Plaintiffs, a driver and two passengers, brought suit in this court for damages arising out of a motor vehicle accident which occurred on December 7, 1974 in Florida. Plaintiffs are and were at all times referred to herein residents of New Jersey. Defendant allegedly was and is represented as being a resident of Quebec, Canada. Defendant's insurance carrier, Travelers Insurance Company (Travelers), is a corporation authorized to conduct business and is and has been conducting business in New Jersey. Plaintiffs have attempted to effect service by certified and regular mail on defendant Cote without success, and have in fact effected service without court order on Travelers. The claim of plaintiff-driver Michael Hart has been settled by Travelers in New Jersey. The claims of the other plaintiffs-passengers, Marion Hart and Marlene Hart, remain unresolved.
Defendant has moved to dismiss the complaint prior to any responsive pleading, alleging lack of jurisdiction. The remaining plaintiffs, by way of cross-motion, seek an order attaching the proceeds of the Travelers policy to the extent of the policy limits, thus raising an issue of novel impression in this State.
Plaintiffs further urge that this court has in personam jurisdiction as a result of the service on Travelers.
There is no in personam jurisdiction over defendant Cote. While the minimum contacts rule has in the State of New Jersey been stretched to "the outermost limits of due process," Avdel Corp. v. Mecure , 58 N.J. 264 (1971), the contacts must at least be sufficient so as not to offend "traditional notions of fair play and substantial justice." International Shoe Co. v. Washington , 326 U.S. 310, 66 S. Ct. 154, 90 L. Ed. 95 (1945). While the courts of this State have extended jurisdiction over out-of-state defendants to tortious activity within the State and economic advantage sought within the State, See e.g. Blessing v. Prosser , 141 N.J. Super. 548 (App. Div. 1976); Egan v. Fieldhouse , 139 N.J. Super. 220 (Law Div. 1975); Cooke v. Yarrington , 62 N.J. 123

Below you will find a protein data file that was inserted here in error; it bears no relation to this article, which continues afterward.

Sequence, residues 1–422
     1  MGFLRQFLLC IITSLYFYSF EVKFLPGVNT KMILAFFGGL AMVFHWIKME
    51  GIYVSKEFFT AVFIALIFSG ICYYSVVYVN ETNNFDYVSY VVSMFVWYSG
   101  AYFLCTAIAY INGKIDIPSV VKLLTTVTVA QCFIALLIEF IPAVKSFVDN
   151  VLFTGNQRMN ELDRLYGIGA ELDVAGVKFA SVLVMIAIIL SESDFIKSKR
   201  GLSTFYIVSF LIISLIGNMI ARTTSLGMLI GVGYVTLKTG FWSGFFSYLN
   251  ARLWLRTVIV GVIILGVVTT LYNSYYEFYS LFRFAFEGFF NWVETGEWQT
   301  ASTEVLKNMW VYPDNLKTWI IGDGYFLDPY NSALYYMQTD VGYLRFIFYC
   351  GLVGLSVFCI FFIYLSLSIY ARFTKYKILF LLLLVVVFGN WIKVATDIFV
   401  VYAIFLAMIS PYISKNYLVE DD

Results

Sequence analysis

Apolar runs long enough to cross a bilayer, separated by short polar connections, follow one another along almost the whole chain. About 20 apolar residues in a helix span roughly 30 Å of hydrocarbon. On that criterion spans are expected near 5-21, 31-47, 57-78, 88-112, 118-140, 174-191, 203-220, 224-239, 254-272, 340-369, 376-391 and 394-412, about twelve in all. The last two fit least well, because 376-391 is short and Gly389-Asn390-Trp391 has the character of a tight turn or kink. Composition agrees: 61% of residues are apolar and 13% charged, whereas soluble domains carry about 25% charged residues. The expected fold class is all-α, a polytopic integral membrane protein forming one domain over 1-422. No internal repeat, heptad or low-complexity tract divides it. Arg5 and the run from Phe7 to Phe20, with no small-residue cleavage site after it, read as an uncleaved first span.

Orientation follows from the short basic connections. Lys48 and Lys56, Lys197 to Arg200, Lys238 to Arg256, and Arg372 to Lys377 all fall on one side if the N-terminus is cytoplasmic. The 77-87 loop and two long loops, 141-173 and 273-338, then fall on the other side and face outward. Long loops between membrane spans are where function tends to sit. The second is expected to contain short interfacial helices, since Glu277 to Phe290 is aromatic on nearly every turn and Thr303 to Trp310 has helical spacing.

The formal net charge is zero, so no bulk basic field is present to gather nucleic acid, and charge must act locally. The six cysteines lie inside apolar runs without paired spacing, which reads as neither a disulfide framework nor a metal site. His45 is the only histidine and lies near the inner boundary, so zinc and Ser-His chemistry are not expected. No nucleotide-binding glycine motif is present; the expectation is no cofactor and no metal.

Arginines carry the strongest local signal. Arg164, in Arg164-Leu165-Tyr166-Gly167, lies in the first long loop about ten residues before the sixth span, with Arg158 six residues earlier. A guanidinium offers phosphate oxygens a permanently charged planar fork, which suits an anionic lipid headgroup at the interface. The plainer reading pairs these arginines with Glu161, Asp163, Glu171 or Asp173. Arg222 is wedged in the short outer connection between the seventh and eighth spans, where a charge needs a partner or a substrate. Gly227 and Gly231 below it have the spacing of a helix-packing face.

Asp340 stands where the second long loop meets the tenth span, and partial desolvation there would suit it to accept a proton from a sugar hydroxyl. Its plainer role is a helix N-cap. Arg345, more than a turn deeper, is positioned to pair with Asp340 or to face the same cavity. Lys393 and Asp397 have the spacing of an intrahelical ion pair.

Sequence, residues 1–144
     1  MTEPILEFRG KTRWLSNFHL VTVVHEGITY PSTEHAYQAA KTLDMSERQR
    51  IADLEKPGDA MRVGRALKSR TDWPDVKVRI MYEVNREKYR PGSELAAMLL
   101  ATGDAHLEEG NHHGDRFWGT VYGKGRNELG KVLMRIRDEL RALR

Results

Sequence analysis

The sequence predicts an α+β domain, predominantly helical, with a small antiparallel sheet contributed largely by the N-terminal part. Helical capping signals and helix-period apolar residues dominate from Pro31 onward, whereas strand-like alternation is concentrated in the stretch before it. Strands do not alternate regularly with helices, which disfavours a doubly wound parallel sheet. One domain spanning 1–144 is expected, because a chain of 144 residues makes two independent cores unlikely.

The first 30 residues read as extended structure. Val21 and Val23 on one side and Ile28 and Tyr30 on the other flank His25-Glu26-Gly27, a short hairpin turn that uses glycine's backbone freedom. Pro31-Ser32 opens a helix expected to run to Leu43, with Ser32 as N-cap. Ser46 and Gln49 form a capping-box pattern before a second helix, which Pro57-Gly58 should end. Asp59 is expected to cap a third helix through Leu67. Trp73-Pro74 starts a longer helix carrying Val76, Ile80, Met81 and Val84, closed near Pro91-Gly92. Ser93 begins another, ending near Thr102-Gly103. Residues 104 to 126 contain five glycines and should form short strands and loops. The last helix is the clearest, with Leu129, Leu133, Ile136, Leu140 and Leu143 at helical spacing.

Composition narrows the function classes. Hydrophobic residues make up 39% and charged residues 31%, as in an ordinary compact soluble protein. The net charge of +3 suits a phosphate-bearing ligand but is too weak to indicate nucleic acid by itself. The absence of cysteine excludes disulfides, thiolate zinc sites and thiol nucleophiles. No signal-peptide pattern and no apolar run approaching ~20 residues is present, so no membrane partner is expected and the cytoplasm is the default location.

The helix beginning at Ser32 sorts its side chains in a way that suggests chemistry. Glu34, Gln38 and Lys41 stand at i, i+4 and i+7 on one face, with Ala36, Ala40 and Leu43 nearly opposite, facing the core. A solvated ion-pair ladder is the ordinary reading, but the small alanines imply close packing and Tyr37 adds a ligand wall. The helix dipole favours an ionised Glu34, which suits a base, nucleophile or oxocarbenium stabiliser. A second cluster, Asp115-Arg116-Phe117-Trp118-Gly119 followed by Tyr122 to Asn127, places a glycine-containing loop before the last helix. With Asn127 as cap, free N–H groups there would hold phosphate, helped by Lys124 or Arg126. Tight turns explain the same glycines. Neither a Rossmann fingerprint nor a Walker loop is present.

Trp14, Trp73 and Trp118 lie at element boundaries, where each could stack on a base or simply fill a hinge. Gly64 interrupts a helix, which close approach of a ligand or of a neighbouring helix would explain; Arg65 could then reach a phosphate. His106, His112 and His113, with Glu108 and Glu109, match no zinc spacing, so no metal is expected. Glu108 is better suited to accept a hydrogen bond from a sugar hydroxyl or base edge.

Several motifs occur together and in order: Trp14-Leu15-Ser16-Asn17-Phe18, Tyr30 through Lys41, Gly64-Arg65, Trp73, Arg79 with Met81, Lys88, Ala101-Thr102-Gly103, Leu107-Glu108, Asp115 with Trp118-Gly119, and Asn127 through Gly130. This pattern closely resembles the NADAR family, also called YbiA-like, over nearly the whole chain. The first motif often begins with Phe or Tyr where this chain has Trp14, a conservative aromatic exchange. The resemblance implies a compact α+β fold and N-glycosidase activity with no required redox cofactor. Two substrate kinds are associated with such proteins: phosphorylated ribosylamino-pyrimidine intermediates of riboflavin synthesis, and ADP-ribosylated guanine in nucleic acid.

(1973); Avdel Corp. v. Mecure, supra , this court is unaware of any authority, nor has any been cited, permitting the court to grant jurisdiction over an out-of-state defendant whose only contact with this State is to have an automobile accident with a resident of this State in another jurisdiction, or whose insurance carrier does business in this State.
A state may obtain jurisdiction over a res or property wherever the property in any form has gained a situs within the state. The obligation of the debtor to pay his debt clings to him wherever he goes. Harris v. Balk , 198 U.S. 215, 25 S. Ct. 625, 49 L. Ed. 1023 (1905). Here, plaintiffs urge that the debt alleged to be subject to attachment arises out of the liability insurance policy contract to defend and indemnify claims arising out of the contract.
Plaintiff relies in the main on Seider v. Roth , 17 N.Y. 2d 111, 269 N.Y.S. 2d 99, 216 N.E. 2d 312 (Ct. App. 1966). There a New York resident had an accident with a Canadian resident in Vermont, and the liability insurer of the defendant was doing business in New York. Defendant was personally served in Canada. In a 4-3 decision the court upheld attachment, in effect stating that the obligation under the insurance policy was a debt owed to a defendant by the insurer and, therefore, subject to attachment. The court stated:
It is said that by affirmance here we would be setting up a "direct action" against the insurer. That is true to the extent only that affirmance will put jurisdiction in New York State and require the insurer to defend here, not because a debt owing by it to the defendant has been attached but because by its policy it has agreed to defend in any place where jurisdiction is obtained against its insured. Jurisdiction is properly acquired by this attachment since the policy obligation is a debt owed to the defendant by the insurer, the latter being regarded as a resident of this State as Riggle holds in so many words at pages 76 and 77 of 11 N.Y. 2d, at pages 417 and 418 of 226 N.Y.S. 2d, at pages 437 and 438 of 181 N.E. 2d. [269 N.Y.S. 2d at 102, 216 N.E. 2d at 315]
Thus, Seider places much emphasis on Matter of Riggle , 11 N.Y. 2d 43, 226 N.Y.S. 2d 416, 181 N.E. 2d 436 (Ct.
App. 1962). In Riggle it was held that attachment of the liability insurance policy of an Illinois resident by a New York resident, where the accident occurred in Wyoming, was permissible because the obligation to defend and indemnify constituted a sufficient debt in the State of New York for the appointment of an administrator. It is ...